It’s the thought that counts. (The language of giving and receiving gifts)

by Kate Woodford

karandaev/iStock/Getty Images Plus
karandaev/iStock/Getty Images Plus

With the holiday season fast approaching, many of you will be braving the crowds in shops and shopping malls in order to find the perfect gift for a family member or friend. With presents very much on our mind, we thought it might be interesting to look at the language of gifts and giving.

For people that you know well, you will probably want to give a gift that is thoughtful and personal. If you can’t find what you are looking for in the shops, you might decide against a store-bought present and instead give a homemade gift. Or you might choose a gift token (or gift voucher), allowing the family member or friend to choose what they want for themselves, though you may think this approach lacks the personal touch (=the quality of being chosen specially for one person).

For someone very special, you might be looking for a gift that is lavish (= expensive and impressive). However, most people agree it’s not the amount of money that you spend, ‘it’s the thought that counts‘ (= what is most important is the kindness and love that you show by giving the present). After all, an inexpensive but well chosen present can be just as welcome. Sometimes, the giver even says as they are presenting a small or modest gift, ‘It’s a little something.’ or ‘It’s just a token.’, meaning that the gift is not of great value, but is intended to show kindness. If they are giving the gift to thank a person, they may mention this at the same time, for example, saying ‘It’s a token of my gratitude/appreciation‘.

Of course, gift buying isn’t always easy. Everyone  has someone in the family who is ‘hard to buy for‘, whether it is a brother who is not at all materialistic (=keen on money and possessions), or a sister who is so particular that she insists on choosing her gifts herself. When you give a present to this type of person, it’s a good idea to also give them the receipt so that they can return the item or take it back. (A special gift receipt for this purpose will not show how much the present cost.) If they like the item, but want to change one aspect of it – for example, the size – they may exchange it instead. (Go to any store after the holiday season is over and you will see people returning unwanted gifts.)

If you are giving gifts over the holiday season, we hope they will be appreciated. And if you’re in any doubt, remember to hand over the receipt!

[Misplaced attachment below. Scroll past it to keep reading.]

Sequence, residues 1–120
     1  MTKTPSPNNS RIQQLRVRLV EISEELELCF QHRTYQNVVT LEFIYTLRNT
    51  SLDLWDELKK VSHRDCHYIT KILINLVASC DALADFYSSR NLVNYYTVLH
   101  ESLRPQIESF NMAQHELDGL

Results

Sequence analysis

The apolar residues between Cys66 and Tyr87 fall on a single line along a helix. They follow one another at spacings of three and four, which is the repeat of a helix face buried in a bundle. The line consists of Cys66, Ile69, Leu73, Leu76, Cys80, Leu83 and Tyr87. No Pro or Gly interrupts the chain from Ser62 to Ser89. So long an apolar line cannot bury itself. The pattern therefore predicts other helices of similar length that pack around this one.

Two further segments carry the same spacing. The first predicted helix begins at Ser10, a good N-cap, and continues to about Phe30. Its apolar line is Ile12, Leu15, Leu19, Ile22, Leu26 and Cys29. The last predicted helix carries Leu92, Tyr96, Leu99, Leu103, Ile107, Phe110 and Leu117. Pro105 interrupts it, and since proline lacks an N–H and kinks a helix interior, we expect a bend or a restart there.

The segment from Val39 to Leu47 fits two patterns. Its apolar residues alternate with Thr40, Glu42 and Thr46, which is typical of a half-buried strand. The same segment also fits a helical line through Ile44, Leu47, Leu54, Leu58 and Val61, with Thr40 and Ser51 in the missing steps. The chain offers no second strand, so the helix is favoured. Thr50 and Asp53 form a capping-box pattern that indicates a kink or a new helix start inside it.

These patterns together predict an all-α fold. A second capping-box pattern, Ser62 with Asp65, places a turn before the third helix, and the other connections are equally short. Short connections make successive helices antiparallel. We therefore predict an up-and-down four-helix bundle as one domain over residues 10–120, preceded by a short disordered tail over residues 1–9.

35 thoughts on “It’s the thought that counts. (The language of giving and receiving gifts)

  1. Pingback: It’s the thought that counts. (The language of giving and receiving gifts) | Editorials Today

  2. This article seems to me accurate over holidays time. I´ve read your posts for several months and you always put your personal touch on each. Let me congratulate for your hard work and thank your for improve our vocabulary as well. Today I learnt “lavish” “Keen” and “Token”. I really appreciate it. Keep on it and my beste regards from Spain

  3. Pingback: It’s the thought that counts. (The language of giving and receiving gifts) – Cambridge Dictionary About words blog (Dec 14, 2016) | Editorial Words

  4. Muhammad Shahbaz

    Kate woodford please welcome me in this blog. This is shahbaz from pakistan and very much interested in this site and blog

  5. li xueying

    Thank you so much. It is really a useful way to learn words. Here I SAW ‘lavish’ again^^ Really useful!! Worthy reading again and again.

  6. Tatiana Balandina

    Thank you, Kate! Your articles are always perferct gifts to us. I wish you could supply us with such interesting and useful material for a long time.

  7. firstinal felix

    I appreciate what you feed me regardless some awkwardness I meet in my personal practices. I’m really grateful for that.

  8. Chirag

    Well to be honest, i just happened to see the caption of your writing and decided to read it. For such a beautiful and lucid style of writing i loved it…but at the same time it really talked the truth out. I mean everyone thinks an expensive gift would be the best to give and still hate to admit it…but you presented it in a beautiful way…This was the first time i read your article but it’s certainly not going to be the last!

  9. Kate Woodford

    What a lovely response, Chirag! Thank you! Do come back – we post articles on a variety of subjects. Best wishes to you!

  10. Mohammad Tauseef

    “It’s the thought that counts” is some piece of wisdom.
    So many useful phrases and words with context and explanations! And a useful piece of advice to close the article.

    That’s a good read. Thank you for the effort.

  11. Sanjivanee

    I’m excited to read,”it’s the thought that counts” .
    A token of appreciation
    I’m preparing a class on virtue “appreciation””.
    Thank you very much!


  12. Nana Goshadze

    Hello Kate! I’ve been using this online dictionary, and I’ve come across your articles just a couple of weeks ago. And I love it! Thank you Kate!

  13. I like how you said that a well-chosen present can be just as welcome as one that’s lavish. My daughter has been seeing her boyfriend for a few months now, and she asked for my help finding a good Christmas gift for him. Keeping your tips in mind should help us find a gift that he’ll enjoy without spending too much money!

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